Why Women Require More Carbohydrates for Hormonal Health

Here’s the deal with this post:

I’m not bashing low carbohydrate diets in any way.  I think they have a wonderful place in the world and some people have had absolutely phenomenal results on them.  If you’re healthy, loving life on a low carb diet, and have no complaints, I encourage you to skip this article entirely.

This article, instead, is for people who are struggling with hormonal health and might need a change of carbohydrate scenery.

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Some Starting Thoughts

The reason hormonal problems can get so confusing is because all hormones interact and intertwine in a very complex system using positive and negative feedback loops between pretty much every step in the process.  It’s an astoundingly beautiful system and the fact that so many of us walk around functional at all never ceases to boggle my mind.

So for the purposes of this discussion, we will, of course, have to break down these processes into simpler steps that appear more discrete than they really are.  It’s important to realize that some of the intricacies of the complete story that may be lost…but that’s ok!

Reasons Low Carbs Can Lead to Hormonal Problems

Let’s start with the most commonly known process of this whole system.  We’ve likely all heard that eating carbs leads to an insulin response that allows the sugars that we intake to actually be transported into our cells. Chronically high insulin responses from eating lots of processed sugars or carbohydrates leads to insulin resistance or insulin burnout that causes the disease state we refer to as diabetes.

Conversely, low carbohydrate intake naturally leads to low insulin levels.  This is fantastic for people who have insulin resistance; however, in people who don’t have this problem, low insulin levels lead to low leptin levels.  Leptin is the “satiety” hormone in the body and so conveniently, ovaries have leptin receptors in order to stay up to date on if it’s a good baby-making time or not.  Low leptin basically tells the ovaries that it’s a time of deficiency…and that building a baby would be catastrophic at that time.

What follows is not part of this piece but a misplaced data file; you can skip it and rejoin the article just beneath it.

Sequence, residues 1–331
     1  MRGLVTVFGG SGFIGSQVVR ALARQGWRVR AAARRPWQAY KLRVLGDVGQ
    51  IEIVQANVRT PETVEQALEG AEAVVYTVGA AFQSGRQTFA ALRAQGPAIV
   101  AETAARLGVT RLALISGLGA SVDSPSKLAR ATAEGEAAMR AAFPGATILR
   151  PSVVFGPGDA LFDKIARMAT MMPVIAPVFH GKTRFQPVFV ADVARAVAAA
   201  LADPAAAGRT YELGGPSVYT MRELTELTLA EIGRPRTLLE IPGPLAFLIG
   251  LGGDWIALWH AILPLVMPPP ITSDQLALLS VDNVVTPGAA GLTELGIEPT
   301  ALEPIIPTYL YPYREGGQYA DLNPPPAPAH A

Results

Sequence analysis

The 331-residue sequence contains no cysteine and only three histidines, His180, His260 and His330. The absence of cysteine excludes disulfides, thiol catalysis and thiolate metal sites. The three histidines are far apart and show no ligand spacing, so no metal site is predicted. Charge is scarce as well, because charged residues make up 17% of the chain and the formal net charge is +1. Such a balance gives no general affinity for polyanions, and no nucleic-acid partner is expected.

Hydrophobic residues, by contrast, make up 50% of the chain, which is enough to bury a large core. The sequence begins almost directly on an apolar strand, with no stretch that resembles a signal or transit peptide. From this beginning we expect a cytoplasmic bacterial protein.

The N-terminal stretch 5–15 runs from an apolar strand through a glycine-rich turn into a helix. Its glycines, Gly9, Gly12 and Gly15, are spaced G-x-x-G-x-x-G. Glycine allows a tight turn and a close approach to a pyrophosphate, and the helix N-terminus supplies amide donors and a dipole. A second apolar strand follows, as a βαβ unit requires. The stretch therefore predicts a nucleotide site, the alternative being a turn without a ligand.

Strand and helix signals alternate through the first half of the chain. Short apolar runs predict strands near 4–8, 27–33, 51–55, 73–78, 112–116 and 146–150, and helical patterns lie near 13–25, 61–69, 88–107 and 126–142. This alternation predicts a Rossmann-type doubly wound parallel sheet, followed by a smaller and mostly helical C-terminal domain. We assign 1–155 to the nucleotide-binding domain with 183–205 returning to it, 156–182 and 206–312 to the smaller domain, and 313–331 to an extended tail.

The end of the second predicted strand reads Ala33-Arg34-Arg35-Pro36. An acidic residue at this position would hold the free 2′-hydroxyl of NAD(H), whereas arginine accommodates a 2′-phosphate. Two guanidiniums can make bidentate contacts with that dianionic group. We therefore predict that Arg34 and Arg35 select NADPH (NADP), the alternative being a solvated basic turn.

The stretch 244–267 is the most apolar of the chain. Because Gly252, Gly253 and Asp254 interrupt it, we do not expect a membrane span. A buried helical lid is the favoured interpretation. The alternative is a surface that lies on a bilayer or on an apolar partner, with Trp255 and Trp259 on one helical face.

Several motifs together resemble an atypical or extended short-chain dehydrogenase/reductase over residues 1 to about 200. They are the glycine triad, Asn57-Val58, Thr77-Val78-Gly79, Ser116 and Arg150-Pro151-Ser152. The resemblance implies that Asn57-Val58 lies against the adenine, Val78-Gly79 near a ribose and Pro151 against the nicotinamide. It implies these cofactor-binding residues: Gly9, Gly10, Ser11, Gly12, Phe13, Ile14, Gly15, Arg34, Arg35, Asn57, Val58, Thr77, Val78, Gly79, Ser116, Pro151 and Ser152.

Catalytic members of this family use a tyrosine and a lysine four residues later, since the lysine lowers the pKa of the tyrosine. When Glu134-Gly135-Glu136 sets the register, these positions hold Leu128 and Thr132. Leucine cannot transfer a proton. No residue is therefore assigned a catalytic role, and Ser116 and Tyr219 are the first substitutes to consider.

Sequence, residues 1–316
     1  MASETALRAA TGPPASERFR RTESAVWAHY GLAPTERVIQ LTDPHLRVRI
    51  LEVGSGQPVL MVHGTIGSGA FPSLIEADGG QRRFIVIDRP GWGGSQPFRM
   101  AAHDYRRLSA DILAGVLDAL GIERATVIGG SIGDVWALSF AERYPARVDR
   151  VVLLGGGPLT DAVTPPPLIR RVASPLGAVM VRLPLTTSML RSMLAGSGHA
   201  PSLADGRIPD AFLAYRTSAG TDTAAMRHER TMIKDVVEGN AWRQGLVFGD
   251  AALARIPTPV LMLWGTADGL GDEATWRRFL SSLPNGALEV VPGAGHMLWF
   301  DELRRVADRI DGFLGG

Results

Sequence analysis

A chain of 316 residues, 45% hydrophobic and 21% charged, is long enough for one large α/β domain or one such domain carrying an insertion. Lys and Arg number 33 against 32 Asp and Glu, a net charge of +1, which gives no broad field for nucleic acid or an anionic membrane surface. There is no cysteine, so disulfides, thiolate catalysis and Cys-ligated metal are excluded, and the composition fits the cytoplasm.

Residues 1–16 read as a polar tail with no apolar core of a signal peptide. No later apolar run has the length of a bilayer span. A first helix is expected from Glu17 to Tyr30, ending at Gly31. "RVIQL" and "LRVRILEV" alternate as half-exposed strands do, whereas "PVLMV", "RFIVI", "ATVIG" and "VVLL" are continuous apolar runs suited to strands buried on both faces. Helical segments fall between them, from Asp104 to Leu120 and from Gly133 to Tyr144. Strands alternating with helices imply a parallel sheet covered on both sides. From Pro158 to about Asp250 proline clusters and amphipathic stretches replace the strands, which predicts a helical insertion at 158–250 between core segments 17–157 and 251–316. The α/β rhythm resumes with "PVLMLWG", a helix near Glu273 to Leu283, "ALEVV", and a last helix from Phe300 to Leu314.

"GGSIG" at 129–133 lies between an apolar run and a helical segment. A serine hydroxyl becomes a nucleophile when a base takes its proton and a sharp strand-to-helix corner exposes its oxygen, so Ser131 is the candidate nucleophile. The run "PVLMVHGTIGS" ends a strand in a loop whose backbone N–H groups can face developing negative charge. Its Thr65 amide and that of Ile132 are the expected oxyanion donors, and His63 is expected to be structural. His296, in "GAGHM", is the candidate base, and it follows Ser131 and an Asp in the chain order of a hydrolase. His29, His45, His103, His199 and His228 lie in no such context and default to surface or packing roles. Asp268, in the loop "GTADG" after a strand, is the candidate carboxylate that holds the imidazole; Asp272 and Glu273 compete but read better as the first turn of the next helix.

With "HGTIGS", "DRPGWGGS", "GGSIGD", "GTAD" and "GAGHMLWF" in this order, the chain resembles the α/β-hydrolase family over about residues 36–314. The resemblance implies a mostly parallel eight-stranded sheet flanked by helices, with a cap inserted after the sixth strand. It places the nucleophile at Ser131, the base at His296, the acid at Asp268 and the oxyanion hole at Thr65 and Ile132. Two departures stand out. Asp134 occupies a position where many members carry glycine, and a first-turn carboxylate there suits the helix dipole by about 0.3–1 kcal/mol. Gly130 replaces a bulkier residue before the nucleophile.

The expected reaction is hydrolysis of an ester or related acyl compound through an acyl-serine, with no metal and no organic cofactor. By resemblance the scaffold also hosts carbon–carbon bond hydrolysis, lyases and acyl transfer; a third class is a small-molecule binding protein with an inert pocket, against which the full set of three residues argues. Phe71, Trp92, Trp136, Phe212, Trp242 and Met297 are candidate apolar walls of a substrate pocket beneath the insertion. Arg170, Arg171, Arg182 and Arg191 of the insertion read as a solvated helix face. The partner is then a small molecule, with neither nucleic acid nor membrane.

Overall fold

Low insulin and low glucose levels also interact at the level of the hypothalamus, one of the primary endocrine/hormonal control centers in the body. The hypothalamus normally goes on to signal to the pituitary, thyroid, adrenals, and ovaries but with such low insulin and glucose levels, the hypothalamus shuts down hormone product in order to preferentially signal the production of stress hormones (aka: more cortisol…this also occurs at the level of the adrenals).  Furthermore, it goes to on to play a role in pathologically heightening central nervous system activation and increasing stress modifying neurotransmitters. (That’s why Megan and I are combining both hormonal and neurotransmitter testing for our Adrenal Health Program!)

Furthermore, insulin is crucial for thyroid health because it is required to carry out the conversion of the inactive T4 hormone to the active T3 hormone.  Low levels of insulin naturally decrease this process from occurring at the level it should for optimum function.  It’s no secret that low thyroid levels will make anyone feel awful, from dry skin to low energy levels to major constipation to infertility…no chump change in terms of living a full, healthy, and hormonally balanced lifestyle.

Lastly, hormonal health is intimately linked to our gut health, as well as the immune system (again, these all intertwine, though I’ve made the sound separate there).  By limiting even quality sources of carbohydrates, we’re most often limiting source of prebiotics that upkeep a healthy bacterial balance in our GI tracts.  Yet another reason to chow down on some delicious (good) carbohydrate sources, yes please!

My Favorite High Quality Sources of Carbohydrates

Since I stay away from gluten-containing grains, I focus on eating all types of vegetables, root veggies (sweet potatoes, white potatoes, rutabagas, parsnips, etc), rice, and sometime quinoa.  Fruit can be a dicey-er subject because of common gut issues so I’ll reserve that for a later discussion…but I generally don’t say no to a few pieces of fruit per day.

As my personal general rule of thumb, I try to get at least 100 g of carbohydrates per day but usually I end up eating close to 150g.  However, I mostly go by how I feel based on energy levels, regular ovulation and cycles, the quality of my menstrual periods, skin/hair/nail health, and stress response.

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